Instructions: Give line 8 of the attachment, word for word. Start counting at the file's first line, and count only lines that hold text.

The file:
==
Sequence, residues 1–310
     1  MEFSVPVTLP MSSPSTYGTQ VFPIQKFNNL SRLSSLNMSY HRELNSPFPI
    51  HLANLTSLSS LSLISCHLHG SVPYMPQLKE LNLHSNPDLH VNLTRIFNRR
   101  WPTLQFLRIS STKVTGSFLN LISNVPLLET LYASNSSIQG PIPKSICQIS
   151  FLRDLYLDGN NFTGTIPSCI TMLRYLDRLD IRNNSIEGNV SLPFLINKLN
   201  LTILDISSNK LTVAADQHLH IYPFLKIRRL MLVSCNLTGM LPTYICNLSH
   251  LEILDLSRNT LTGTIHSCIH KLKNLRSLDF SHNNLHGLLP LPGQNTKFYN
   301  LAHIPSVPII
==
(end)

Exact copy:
   301  LAHIPSVPII